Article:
This sea change was greatly aided by all the smaller choices I made along the way. In the attempt to get into a shape that wasn’t round I exercised in the afternoon on a daily basis. The afternoon workouts led to a good deal of sweat, so I followed that with a cold shower which according to some has its health benefits. My first meal of the day was after my shower because I had taken up intermittent fasting. By that time of the day I was hungry so I would fix myself a healthy pre-dinner snack like a salad or fresh fruit. I found that once I had eaten and my stomach was full, I no longer wanted to drink. This new regimen allowed four months to go by with only the occasional thought of how good it would feel to have a nice glass of something-something, but I was soon used to ignoring it.
I learned during this time that our needs seem to arrange themselves in a hierarchy. If we can come up with a different need and it resides higher up the chain than the one we want to eradicate or alter, the new need becomes dominant and can squelch the one below it. My desire to lose weight became more important to me than the desire to feel intoxicated, therefore, I stopped going down the wine aisle at the supermarket. Which meant there was no wine in the house. If there was the occasional hankering, I hate to drive so I knew I would not run out to the store to buy a bottle. The good habits and canny scheming against myself were effective in diminishing the siren call of wine.
I don’t take the relative ease I had of getting to a place of non-drinking lightly. Especially after living under its tyranny for so long. I was lucky that I never graduated to harder stuff that could have led to a full blown physical addiction only rehab could cure. Since that wasn’t the case, the habit I had operated under for decades had probably run its course and I was tiring of its residual effects.
Things changed a bit around the holidays. Since I was in celebratory mode I did have some wine or champagne. I rediscovered the wine aisle as the occasional bottle would show up in my cart. But this time there was a difference. Since I was working so hard at the fasting and exercise, I was really vigilant about any weight gain. If I saw the numbers on the scale increasing even a little bit I would immediately cut back on the wine. Suddenly, I was in charge and the desire to drink had to bow its head in submission. The tables had turned. Big shout out to vanity!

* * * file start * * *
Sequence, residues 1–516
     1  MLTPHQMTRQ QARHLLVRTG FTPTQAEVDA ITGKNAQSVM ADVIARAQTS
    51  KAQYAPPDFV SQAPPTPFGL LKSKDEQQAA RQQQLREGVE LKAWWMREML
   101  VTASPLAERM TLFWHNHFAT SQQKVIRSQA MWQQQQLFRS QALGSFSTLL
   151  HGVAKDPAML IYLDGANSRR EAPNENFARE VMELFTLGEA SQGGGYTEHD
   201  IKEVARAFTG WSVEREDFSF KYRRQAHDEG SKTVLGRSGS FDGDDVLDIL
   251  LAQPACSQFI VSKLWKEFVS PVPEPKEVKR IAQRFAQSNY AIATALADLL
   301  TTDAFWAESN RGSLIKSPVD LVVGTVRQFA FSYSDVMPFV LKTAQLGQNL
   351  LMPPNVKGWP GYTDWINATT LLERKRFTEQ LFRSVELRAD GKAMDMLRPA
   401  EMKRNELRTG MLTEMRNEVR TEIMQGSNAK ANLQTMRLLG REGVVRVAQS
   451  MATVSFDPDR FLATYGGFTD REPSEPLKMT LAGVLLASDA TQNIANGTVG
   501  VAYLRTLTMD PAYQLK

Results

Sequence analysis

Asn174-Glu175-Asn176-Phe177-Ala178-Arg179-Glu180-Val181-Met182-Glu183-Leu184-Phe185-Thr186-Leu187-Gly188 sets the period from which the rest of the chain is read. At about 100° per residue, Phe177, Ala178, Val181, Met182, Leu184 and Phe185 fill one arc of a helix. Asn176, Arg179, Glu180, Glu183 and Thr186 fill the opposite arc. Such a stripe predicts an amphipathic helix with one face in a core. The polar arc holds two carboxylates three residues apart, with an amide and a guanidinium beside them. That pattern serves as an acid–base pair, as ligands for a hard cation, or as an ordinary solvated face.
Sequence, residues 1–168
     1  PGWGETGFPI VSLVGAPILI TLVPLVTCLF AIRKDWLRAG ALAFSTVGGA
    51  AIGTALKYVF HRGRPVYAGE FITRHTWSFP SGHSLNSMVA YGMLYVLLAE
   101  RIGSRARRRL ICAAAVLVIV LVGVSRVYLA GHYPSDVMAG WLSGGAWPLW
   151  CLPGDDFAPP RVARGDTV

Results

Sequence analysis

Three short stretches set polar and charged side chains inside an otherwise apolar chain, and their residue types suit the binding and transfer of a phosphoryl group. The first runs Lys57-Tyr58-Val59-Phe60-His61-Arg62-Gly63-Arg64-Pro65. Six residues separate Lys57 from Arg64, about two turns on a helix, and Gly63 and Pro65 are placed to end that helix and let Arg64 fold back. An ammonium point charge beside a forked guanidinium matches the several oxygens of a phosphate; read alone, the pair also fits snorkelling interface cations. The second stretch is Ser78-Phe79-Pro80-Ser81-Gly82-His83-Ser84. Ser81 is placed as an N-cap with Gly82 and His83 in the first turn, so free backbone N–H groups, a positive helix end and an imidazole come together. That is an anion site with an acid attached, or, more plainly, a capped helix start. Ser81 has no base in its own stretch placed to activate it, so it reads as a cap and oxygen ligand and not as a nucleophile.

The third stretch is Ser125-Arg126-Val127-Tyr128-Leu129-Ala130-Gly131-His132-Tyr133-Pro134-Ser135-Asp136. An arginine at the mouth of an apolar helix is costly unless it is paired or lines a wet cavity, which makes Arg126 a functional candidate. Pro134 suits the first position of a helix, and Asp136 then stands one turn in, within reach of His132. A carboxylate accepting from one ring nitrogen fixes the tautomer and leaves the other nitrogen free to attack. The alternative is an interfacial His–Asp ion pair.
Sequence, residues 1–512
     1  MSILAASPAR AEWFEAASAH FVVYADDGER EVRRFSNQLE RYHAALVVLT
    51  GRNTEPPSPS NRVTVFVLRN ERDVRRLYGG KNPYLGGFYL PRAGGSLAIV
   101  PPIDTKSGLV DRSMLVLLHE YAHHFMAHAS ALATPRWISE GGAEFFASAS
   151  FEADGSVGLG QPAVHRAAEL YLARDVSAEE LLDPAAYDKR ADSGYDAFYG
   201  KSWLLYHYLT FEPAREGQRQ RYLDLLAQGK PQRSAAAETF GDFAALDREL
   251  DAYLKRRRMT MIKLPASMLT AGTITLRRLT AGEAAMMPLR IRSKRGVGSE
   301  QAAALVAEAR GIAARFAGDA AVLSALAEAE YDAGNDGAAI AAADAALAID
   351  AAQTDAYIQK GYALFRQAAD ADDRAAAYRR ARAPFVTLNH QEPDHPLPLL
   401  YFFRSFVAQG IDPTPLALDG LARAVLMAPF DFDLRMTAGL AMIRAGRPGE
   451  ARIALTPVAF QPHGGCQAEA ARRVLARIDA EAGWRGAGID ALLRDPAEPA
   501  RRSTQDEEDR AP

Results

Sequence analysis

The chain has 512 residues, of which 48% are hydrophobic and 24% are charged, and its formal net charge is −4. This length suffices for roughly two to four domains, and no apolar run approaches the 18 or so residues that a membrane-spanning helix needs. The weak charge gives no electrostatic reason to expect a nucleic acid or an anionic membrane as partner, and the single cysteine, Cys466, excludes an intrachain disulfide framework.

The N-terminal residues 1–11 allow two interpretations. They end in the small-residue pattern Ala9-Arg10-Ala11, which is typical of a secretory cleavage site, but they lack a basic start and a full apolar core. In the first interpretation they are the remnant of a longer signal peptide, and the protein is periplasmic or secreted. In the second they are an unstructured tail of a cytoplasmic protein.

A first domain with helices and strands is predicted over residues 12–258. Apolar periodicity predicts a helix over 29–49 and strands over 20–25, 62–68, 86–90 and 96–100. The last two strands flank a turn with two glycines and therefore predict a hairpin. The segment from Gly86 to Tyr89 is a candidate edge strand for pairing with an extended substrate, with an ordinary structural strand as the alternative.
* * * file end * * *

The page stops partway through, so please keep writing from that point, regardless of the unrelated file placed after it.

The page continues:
And so we come to what I believe is the final iteration of my relationship with wine. Soon after the resumption of the occasional, but highly regulated drinking I joined a wine club with a really great introductory discount. Sounds mad and counterintuitive, I know, but it has enabled me to discover what a real relationship with a good wine can be. Thanks to the reduced pricing of really amazing bottles of wine, I am able to experience the best that good weather, great soil, and crafty winemaking can create.
I was delighted to find that some wines have a smooth, velvety mouth feel, like pillows for your lips and tongue. I decant. Need I say more? I do not want to merely drink these newfound treasures. I want to sip them and groan with pleasure. And once I get to the point where I’m not savoring the wine but am merely drinking it, I stop.
Mainly due to the fact that I am cheap, I only allow myself to uncork one bottle a week. I do not take these finely made wines and what I pay for them lightly. I want to slowly and thoroughly get my money’s worth. That said, I am nowhere close to being a wine connoisseur. I do start by sniffing the wine but so far I can only detect two things: unidentifiable fruit and nail polish remover. But the taste! I have been transported light years beyond Two Buck Chuck.
Wine has accompanied me throughout my entire adult life. We began in innocence, but I allowed it, in my neediness and maybe some genetic predisposition, to veer us towards a more reckless and potentially dangerous place. Although it was once just a means to an end, now it is the end in itself. What a mighty long intoxication journey it’s been but somehow I managed to land where it’s best to be in regards to all things ingested or imbibed, in delightful moderation.